Monday, January 03, 2005

UN assesses Damage In Emergency Summit

It'll take billions and 10 years: UN

By Matthew Moore, Herald Correspondent in Jakarta, and Penelope Debelle
January 3, 2005

The head of the United Nations is expected to use an emergency summit this week to tell world leaders that the $US2 billion ($2.6 billion) pledged for tsunami relief is not enough to fund an unprecedented recovery effort that could last a decade.

The UN has come under a lot of fire in the last few years from both conservative and liberal sectors, each accusing the UN of being the others tool. I have always maintained that although the UN could be improved it does fill a significant role where global cross-border events are concerned. This is one of those events. My concern is that UN resources are currently stretched by war and monitoring human rights abuses while also providing relief in the event of natural disaster.

There is no doubt the world needs an independent body that can bring countries together on relatively neutral territory during a tense global period to provide assistance. The UN certainly seems to be filling that role honestly and openly in this case, coming into it's own as it accesses shortcomings and musters support in an instance where the rest of the world reels in shock.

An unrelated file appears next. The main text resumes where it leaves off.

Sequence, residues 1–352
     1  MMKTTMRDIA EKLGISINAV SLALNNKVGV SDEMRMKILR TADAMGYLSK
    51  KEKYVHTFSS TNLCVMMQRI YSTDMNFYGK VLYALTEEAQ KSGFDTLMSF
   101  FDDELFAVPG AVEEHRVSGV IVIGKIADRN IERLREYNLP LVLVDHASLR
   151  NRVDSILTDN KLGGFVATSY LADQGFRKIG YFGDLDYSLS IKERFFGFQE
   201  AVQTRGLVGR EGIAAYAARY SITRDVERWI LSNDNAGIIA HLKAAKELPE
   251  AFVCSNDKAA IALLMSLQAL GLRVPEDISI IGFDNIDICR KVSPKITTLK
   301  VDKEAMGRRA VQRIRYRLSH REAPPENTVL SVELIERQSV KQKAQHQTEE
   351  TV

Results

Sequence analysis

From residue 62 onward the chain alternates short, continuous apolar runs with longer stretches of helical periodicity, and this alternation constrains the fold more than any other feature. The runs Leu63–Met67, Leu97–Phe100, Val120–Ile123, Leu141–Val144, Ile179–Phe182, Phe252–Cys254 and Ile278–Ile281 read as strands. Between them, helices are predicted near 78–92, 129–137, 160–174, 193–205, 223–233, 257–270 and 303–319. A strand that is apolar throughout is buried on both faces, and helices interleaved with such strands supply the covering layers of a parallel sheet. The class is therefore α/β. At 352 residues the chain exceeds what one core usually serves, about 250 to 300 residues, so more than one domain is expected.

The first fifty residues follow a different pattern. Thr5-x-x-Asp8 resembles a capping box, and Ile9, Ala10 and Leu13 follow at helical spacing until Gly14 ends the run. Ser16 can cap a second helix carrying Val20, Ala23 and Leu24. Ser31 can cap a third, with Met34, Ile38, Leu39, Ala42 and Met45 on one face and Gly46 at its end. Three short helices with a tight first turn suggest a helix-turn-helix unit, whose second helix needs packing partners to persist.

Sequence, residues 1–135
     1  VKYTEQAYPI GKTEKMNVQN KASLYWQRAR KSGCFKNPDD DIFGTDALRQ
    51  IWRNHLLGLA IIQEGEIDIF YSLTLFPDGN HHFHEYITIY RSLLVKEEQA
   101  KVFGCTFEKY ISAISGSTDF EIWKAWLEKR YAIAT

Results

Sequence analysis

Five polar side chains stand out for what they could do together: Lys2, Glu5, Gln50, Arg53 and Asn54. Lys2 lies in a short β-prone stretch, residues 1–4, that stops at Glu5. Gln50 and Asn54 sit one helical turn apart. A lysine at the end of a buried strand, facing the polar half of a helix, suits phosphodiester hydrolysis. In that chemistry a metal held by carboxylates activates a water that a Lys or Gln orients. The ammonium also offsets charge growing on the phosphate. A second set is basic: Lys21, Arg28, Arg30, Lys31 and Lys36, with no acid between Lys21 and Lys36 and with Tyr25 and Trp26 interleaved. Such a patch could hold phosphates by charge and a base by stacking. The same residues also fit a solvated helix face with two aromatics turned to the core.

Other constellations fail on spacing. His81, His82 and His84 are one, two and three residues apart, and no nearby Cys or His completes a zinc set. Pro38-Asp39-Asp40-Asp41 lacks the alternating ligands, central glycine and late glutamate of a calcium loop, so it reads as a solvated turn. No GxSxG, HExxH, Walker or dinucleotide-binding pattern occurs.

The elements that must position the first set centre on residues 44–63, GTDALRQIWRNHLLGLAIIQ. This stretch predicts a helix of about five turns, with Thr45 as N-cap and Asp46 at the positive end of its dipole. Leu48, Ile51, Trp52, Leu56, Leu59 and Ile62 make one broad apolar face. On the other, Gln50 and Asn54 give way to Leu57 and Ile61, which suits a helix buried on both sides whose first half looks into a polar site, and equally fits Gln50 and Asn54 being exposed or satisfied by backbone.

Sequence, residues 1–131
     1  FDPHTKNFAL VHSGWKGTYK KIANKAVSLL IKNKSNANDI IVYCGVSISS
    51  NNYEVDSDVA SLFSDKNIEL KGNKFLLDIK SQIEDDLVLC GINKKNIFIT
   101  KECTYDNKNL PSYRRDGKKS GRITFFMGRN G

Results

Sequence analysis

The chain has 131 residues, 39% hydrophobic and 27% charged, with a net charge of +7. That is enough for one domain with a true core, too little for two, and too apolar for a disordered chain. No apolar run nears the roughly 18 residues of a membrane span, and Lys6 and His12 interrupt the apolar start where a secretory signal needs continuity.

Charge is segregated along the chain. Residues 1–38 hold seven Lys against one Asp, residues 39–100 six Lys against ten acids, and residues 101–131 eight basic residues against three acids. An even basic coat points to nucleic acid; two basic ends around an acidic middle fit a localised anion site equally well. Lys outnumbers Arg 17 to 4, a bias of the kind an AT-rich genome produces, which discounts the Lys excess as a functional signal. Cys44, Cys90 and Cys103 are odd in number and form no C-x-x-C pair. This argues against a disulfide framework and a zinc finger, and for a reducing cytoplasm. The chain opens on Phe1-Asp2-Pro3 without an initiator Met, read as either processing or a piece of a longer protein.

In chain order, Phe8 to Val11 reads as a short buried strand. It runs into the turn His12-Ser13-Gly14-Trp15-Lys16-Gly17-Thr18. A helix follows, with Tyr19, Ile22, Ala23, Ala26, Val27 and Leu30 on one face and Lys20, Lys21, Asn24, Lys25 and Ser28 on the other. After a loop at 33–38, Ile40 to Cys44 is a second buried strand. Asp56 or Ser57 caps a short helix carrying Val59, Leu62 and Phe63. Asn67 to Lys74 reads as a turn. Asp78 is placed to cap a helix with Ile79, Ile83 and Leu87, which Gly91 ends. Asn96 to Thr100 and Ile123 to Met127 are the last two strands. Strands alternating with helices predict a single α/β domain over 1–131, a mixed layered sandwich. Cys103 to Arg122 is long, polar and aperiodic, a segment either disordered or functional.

The US Secretary of State, Colin Powell, is going to Indonesia and Thailand this week but it is unclear whether he will attend the summit.

This concerns me. While the US can afford Rumsfeld the expense of a Christmas tour addressing US troops in Iraq, it cannot afford the expense of it's current Secretary Of State to attend a summit organising relief for a global event of this magnitude.

The British Prime Minister, Tony Blair, yesterday gave his support for UN leadership in the crisis and revealed that Mr Bush had clearly told him that "he wanted the UN to be in the lead".

Evidently the US has overstretched it's resources by engaging in war with regions rich in raw natural resources. US administrators seem only to happy to pass global responsibility on to others in an unprofitable scenario.

Yes, I am highly critical. I cannot excuse an administration that claims to be a global interventionist yet cannot put it's muscle where it's mouth is in regions that are currently suffering. If US defense forces weren't tied up in war they could be employed in cases of civil emergency such as this. The Asia Pacific is an ocean region and the US military has extensive naval resources that could be employed in shipping help to these areas. Why is it not offering this assistance?

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